Blockchain technology is one of the hottest emerging technologies right now. Its biggest use-case presented forward as of yet is seen in the form of cryptocurrencies. So how potent is this technology? How many industries can it revamp? Is it the new internet itself in terms of the impact or is it the technology that will give us the new version the currently existing internet.
Alisher Khassanov, an Industrial Engineer at Airalab, recently got in touch with BlockPublisher as he expressed his opinions regarding the blockchain technology. The following Q&A with Alisher presents forward some important nuances attached to the blockchain world.
- Which industries can benefit from blockchain?
Alisher: “The benefits can be found in almost any industry, especially those in which the quality of the product is extremely important for the customer, for example, the production of medicines and food (in particular, perishables). With the help of blockchain, manufacturers can prove the quality of their products through transparent supply chains, thus increasing their competitiveness in the market, and increasing the added value of their products by providing additional information on product origins.
In addition, any industry which aims to be automated is benefited from the blockchain technology. We at Airalab believe this is a great way to, at least, reduce the transaction costs. In a global sense, blockchains using additional protocols (for example, the Robonomics communication stack) is a universal way of communication between participants in economic relations. Blockchain allows you to give up trust in favor of real data protected by modern cryptography. Combined with the IoT technology where every important parameter is measured, this is a new opportunity for any business to shift to a service model.”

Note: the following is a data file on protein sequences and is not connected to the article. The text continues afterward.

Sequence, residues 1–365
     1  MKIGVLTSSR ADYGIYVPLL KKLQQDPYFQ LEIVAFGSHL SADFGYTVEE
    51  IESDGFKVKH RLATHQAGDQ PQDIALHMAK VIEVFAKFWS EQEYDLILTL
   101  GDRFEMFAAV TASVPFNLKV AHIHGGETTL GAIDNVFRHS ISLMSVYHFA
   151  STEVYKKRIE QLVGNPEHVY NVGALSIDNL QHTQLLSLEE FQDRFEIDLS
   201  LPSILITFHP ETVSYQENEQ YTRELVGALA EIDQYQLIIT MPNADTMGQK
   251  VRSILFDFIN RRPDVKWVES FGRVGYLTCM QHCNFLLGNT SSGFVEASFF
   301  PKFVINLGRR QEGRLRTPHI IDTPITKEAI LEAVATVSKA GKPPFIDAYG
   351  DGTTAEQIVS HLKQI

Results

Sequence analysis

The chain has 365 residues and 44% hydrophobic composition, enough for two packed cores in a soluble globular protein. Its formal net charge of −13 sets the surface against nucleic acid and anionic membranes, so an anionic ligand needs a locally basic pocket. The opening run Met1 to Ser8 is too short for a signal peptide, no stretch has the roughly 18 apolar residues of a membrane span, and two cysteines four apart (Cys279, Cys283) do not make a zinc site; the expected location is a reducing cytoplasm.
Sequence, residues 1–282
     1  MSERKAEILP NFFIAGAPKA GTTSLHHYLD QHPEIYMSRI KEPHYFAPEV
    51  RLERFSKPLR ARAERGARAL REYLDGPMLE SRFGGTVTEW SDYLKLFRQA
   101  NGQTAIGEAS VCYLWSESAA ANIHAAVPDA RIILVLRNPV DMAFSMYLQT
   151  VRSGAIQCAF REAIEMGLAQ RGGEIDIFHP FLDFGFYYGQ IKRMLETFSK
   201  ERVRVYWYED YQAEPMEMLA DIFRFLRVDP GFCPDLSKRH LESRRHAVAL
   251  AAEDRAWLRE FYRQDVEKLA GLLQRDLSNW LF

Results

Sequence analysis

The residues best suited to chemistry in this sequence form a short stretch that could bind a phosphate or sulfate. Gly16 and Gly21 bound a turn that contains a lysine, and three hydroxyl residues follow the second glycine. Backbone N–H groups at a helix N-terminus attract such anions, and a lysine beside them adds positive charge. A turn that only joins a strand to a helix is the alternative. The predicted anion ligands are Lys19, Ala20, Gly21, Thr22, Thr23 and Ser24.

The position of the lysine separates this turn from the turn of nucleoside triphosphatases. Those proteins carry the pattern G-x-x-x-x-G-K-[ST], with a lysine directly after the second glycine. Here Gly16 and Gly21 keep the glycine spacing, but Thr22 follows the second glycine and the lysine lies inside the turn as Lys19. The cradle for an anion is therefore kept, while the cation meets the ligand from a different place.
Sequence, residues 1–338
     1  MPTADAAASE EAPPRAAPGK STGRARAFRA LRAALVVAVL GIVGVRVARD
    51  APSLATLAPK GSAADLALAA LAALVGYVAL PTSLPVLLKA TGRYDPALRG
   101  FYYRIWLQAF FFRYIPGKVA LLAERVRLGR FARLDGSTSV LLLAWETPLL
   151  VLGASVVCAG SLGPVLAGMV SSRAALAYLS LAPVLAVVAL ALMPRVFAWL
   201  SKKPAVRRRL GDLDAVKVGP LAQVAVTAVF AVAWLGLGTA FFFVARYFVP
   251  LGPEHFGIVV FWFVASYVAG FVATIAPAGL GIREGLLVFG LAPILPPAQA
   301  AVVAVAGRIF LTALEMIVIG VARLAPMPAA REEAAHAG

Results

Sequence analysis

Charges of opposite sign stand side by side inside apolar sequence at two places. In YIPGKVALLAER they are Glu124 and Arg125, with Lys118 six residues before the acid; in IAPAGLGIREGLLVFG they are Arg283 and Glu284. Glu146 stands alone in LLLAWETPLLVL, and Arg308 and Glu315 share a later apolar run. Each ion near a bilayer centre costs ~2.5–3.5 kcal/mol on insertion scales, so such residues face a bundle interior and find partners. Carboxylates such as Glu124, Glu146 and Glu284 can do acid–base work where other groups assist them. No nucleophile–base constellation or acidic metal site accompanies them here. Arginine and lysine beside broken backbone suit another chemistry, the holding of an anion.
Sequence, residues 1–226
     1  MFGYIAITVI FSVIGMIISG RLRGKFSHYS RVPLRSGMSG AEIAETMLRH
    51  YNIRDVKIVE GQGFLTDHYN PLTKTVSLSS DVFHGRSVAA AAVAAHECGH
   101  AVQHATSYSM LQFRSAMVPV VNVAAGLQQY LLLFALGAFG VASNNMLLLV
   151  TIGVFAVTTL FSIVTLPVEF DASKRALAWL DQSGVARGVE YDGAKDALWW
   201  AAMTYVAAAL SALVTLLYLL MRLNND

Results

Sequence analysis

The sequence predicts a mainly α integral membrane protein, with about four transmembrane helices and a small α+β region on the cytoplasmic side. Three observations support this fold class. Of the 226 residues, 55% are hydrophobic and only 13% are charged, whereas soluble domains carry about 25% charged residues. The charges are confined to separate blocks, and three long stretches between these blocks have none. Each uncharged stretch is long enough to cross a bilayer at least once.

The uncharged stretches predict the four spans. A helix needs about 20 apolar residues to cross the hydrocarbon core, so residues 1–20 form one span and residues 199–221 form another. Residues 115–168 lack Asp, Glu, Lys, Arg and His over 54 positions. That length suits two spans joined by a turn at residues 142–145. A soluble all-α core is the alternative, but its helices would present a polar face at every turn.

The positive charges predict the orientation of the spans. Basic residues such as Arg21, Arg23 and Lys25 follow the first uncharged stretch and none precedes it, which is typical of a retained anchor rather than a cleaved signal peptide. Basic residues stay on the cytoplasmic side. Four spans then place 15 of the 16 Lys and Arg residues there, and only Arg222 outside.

- Is it the new internet?
Alisher: “This is the third generation of the Internet, or web3. It’s decentralized and peer-to-peer. Cryptocurrencies have demonstrated how a decentralized monetary system can work in this new Internet. The blockchain industry shows the ability of institutions, including the real sector, to work in a decentralised manner. The other side of the coin is that benefits from the new technology at its early stage may not look very clear. Now, anyone who promotes web3 in the real sector feels like a seller of HTTP in the days before the modem Internet.”
- How do you see it evolving in the future?
Alisher: “Over the past few years, the blockchain industry has grown out of cryptocurrencies; platforms for real sector applications have emerged. There are payment systems, digital identity tools, solutions for voting and various calculations, monitoring of deliveries, IoT devices and robots. We think the blockchain industry in the real sector will adapt along with cloud technologies and service-oriented business models. This will expand web3 not only with infrastructure nodes and content from early adapters and developers, but also with what we have in web2. It will be enhanced by new features like digital counterparts of products with a complete production history. Content replenishment in web3 will attract users as well.”
Blockchain does seem to possess the potential to provide the entire world with a secure monetary framework through the internet and might even lead us to Web 3.0. But these are still early days for blockchain. A lot needs to be explored. A lot needs to be solved. One thing seems to be sure, this technology is here to stay.